People have lost faith in govt: experts
People are losing faith in the government. Even when they are arrested, the cases drag on for years and the culprits get bail and lead normal lives, reports Abha Khanna.india Updated: Sep 12, 2007 02:56 IST
Orissa: Four “fuel thieves” were tortured for hours by locals and some truckers on August 31. The youths’ hands and legs were tied with plastic strings and they were made to crawl on the road with oil jars hanging from their necks.
Kashmir: Two Lashkar-e-Tayebba militants barged into the house of a tailor and tried to kidnap him in August 2. Villagers caught hold of the militants, beat them through the night and handed them over to the police the next day.
Assam: In May, residents of Bishrampur village in Tinsukia lynched Ulfa militant Baidhya Dadhumia minutes after he and another militant shot a schoolteacher.
Instances of “mob justice” are being reported with increasing regularity from various parts of the country. While civilised society cannot condone such action, there is a need to understand the reasons behind the growing tendency for extra-judicial punishment.
What is it that makes the common man take it upon himself to “punish” criminals on the spot, that too with such brutality? Is there a trend? And, most importantly, what’s the solution?
“It’s the failure of the state that is manifesting itself on the streets,” feel sociologists and psychologists. People have lost faith in the state’s ability to bring the guilty to book. More often than not, criminals and murderers manage to give law enforcers the slip. Even when they are arrested, the cases drag on for years and the culprits get bail and lead normal lives.
“This is an expression of people’s disillusionment with the justice delivery mechanism of the state. Definitely, local dynamics of power very often escape the institutionalised systems of punishment, and frustrations with the same reflect in incidences of violence,” says Rithambara Hebbar of the Tata Institute of Social Sciences, Mumbai.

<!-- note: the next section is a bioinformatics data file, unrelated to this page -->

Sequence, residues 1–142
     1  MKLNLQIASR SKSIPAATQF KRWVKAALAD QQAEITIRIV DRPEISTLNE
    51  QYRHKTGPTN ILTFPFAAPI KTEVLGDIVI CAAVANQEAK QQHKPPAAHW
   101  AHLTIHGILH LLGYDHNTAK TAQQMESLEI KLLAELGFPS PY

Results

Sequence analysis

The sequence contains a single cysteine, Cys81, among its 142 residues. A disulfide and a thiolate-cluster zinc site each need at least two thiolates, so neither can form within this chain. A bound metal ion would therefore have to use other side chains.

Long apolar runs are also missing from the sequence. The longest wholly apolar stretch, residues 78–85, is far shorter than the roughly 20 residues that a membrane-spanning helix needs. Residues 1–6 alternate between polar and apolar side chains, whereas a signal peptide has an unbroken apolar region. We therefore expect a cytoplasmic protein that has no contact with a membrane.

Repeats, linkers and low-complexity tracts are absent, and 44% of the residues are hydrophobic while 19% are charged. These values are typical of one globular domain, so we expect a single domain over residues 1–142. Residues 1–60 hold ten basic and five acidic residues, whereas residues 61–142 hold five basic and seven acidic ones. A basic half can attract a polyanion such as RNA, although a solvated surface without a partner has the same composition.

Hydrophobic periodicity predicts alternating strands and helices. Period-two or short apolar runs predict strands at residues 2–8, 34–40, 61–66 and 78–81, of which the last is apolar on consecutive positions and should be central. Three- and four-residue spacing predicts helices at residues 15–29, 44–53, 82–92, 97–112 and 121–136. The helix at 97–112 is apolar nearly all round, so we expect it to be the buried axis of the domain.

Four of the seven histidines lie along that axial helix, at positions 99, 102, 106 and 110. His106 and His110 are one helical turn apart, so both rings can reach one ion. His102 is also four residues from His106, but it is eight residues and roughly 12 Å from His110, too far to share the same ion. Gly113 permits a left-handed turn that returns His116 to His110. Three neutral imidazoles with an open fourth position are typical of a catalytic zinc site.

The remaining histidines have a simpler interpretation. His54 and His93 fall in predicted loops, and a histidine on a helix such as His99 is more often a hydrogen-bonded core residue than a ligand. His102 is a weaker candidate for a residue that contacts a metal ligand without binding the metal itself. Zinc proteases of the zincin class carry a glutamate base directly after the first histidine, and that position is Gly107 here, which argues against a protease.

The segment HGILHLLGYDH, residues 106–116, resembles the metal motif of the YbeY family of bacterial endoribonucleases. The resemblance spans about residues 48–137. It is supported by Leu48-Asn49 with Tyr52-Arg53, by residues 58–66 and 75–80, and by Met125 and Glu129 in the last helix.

There are two sides to this story, says Delhi-based psychologist Dr Aneesh Baweja. “Besides law and order issues, social evils like unemployment, illiteracy and backwardness add to frustration levels. There is another worrying trend: a distinct lack of restraint. It’s a mix of all these factors that play out on the streets.”
The media also plays an important role. “Wide visual coverage of such instances gives people ideas. The media makes a strong impact on the public psyche and has to be responsible,” feels Dr Kursheed-ul Islam, a sociologist in Srinagar.
There has to be strong condemnation of the so-called “mob justice”, insists Dr Baweja. “The fact that instant justice does no good needs to be highlighted,” says retired professor and ideologue Hiren Gohain from Guwahati.
Since government failure is at the root of the problem, the solution too lies with it. All experts are unanimous in their view: “The government has to instil faith among the public. When the people feel they can depend on the state, there will be no need for anyone to take the law into their own hands.”